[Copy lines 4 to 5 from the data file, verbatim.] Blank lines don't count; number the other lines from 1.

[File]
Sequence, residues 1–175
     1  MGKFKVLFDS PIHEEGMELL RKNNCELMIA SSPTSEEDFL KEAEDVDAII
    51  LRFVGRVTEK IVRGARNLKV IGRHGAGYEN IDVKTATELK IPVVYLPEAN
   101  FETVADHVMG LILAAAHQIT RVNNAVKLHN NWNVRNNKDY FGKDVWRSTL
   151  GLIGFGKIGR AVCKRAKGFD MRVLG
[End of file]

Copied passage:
   101  FETVADHVMG LILAAAHQIT RVNNAVKLHN NWNVRNNKDY FGKDVWRSTL
   151  GLIGFGKIGR AVCKRAKGFD MRVLG